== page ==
Whether necessary to comply with new regulations or just relieve demands
on IT Manager's capital budget, Content
and Knowledge Management
Systems can help a business run more efficiently and cost effectively.
(If you're new to Content and Knowledge Management, please read
our Content and
Knowledge Management Overview.)
The good news is that if your business already has a Knowledge
Base (in technical support), Customer
Relationship Management (CRM), or a system for publishing Web-based content, you've
taken the first steps toward Content
Management (CM). To evaluate what your next steps might be, consider these issues:
Point of Pain
The first step toward implementing a CM system is identifying the "point of pain"
in the organization. Or another way to look at it: Define mission-critical areas
of need for the company. What does this company need to move forward into the future?
That's where you need to invest in CM. Is litigation already underway or has a new
regulation come into effect, forcing a change in business process? Or is
implementing a CRM system
key to your future financial success?
Long term, Enterprise Content Management (ECM) may encompass more than one
software solution - each focused on its area of specialty. In order to ensure
successful integration into existing business processes, it can be helpful to start
by focusing implementation on a key area of business to solve a glaring problem. Then
this success can be used as a case study to jumpstart future projects.
Partner With IT
No content or knowledge management system will be successful without the full
and unstinting support of the Information Technology (IT) or Information Services (IS)
department. They have to give not only their unqualified blessing to the project, but
also their time, budget, and resources to implementing any proposed content management system.
In addition to IT's unqualified support, implementing CM requires an internal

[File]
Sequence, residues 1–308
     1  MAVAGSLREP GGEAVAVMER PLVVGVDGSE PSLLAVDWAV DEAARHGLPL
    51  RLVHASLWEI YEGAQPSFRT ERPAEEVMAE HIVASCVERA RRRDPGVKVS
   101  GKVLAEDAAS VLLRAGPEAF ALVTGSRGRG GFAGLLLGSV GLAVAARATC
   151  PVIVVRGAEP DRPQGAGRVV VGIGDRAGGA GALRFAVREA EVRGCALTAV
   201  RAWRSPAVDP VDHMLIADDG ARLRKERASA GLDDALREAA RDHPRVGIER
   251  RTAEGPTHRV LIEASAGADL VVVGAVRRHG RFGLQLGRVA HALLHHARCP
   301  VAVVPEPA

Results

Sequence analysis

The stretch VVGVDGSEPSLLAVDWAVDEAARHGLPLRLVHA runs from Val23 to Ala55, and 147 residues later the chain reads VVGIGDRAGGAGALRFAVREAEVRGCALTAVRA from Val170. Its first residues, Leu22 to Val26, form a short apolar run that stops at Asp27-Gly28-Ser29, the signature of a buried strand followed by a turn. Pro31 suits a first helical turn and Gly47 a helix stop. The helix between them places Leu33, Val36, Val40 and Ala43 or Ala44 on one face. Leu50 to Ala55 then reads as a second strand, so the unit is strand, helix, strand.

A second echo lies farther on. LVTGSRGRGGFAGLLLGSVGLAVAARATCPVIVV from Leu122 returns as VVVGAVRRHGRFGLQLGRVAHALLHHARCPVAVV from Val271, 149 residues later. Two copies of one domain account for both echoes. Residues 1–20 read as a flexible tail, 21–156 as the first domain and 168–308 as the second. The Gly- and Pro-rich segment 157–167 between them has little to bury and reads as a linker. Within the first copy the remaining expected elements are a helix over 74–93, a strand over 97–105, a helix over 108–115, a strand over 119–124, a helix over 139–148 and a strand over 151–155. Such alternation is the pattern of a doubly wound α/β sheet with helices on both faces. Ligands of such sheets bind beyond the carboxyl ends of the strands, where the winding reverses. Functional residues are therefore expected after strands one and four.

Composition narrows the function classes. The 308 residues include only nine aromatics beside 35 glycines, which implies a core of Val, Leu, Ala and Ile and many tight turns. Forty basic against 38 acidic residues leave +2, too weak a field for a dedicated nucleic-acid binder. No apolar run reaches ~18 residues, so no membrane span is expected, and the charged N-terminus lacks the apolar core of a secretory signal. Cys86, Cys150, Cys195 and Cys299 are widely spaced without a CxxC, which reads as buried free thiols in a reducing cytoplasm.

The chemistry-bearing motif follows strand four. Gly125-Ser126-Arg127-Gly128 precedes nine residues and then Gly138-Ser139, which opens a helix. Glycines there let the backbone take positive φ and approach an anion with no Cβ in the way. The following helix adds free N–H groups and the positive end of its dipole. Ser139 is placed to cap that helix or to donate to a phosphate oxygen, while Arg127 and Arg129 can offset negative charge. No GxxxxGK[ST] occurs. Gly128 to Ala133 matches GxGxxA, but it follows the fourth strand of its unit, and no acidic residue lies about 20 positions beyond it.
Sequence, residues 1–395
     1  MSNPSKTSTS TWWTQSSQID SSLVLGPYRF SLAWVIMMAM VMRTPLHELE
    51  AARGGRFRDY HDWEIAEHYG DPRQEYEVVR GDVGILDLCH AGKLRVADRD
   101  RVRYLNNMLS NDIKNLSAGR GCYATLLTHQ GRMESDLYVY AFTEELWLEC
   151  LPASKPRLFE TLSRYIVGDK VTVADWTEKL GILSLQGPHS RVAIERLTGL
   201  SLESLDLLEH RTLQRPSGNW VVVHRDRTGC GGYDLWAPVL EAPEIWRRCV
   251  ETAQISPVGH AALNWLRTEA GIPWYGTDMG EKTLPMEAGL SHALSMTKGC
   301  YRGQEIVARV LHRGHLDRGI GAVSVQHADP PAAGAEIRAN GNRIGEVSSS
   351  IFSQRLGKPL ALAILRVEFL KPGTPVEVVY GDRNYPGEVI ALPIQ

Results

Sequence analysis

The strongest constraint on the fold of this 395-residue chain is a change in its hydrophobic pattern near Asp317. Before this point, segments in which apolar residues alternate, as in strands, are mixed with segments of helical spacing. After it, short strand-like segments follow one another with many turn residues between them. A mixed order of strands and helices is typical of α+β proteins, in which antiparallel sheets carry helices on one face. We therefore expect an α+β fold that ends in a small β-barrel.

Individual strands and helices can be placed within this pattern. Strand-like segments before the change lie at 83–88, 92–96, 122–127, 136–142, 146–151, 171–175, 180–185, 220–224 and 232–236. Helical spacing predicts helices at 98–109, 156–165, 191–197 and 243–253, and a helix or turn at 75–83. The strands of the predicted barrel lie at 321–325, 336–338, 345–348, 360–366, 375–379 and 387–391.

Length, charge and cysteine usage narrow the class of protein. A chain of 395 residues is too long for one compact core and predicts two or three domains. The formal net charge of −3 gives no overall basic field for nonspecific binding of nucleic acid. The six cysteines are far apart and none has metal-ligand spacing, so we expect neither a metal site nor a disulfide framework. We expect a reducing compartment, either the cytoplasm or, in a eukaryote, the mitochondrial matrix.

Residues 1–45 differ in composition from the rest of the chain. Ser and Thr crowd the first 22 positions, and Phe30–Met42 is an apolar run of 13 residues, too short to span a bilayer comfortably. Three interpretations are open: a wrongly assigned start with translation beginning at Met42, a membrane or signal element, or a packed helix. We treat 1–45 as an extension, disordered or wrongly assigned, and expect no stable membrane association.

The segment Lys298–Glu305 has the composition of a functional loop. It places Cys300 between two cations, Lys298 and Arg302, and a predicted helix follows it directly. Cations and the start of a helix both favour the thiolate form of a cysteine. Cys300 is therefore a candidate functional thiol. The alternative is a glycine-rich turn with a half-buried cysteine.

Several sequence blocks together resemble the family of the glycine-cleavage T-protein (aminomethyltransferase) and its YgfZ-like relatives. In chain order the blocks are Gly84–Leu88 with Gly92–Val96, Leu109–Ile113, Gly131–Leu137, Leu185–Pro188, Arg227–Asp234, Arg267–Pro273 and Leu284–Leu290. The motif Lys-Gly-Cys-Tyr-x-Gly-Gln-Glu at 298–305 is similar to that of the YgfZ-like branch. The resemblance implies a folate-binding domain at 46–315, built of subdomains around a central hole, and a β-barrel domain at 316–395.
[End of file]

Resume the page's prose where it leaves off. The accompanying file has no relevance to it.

lobbyist - someone who can speak passionately and logically about the advantages of
the system to every department, group, or individual who could be affected. Ideally,
this would be the CIO or senior IT manager, but it could be any executive-level manager who
has the support of senior management, as well as that of the IT department.
Don't Be Afraid to Outsource
Some environments have complex business processes and may require additional workflow
and lifecycle management. It's not necessary to do all that analysis yourself.
System integrators are more than capable of implementing content management applications
even in complex environments.
Be sure to take an active role in the vendor selection process. Choosing a vendor is just
the beginning of a long-term relationship, because content management often refers to
three or more different systems that interact with each other. Be sure to choose the vendor
that has not just the right mix of features and technology, but the longevity and customer
service to be a partner over the long haul.
The Final Step
In defining requirements for a successful
Management system launch, don't forget the end goal of self-sufficiency. The final
implementation step should be the transition of ownership from the system integrator to
IT or, even better, from IT to those who use the system every day. While it's
important to have an expert standing by in case of emergencies, all the daily,
weekly, and monthly tasks should be able to be performed by the users of the
system without additional programming or development.
For more information on choosing the right content and knowledge management solution for your company,
read our Content and Knowledge Management Overview.
Go to Bitpipe Research Guide: Content and Knowledge Management.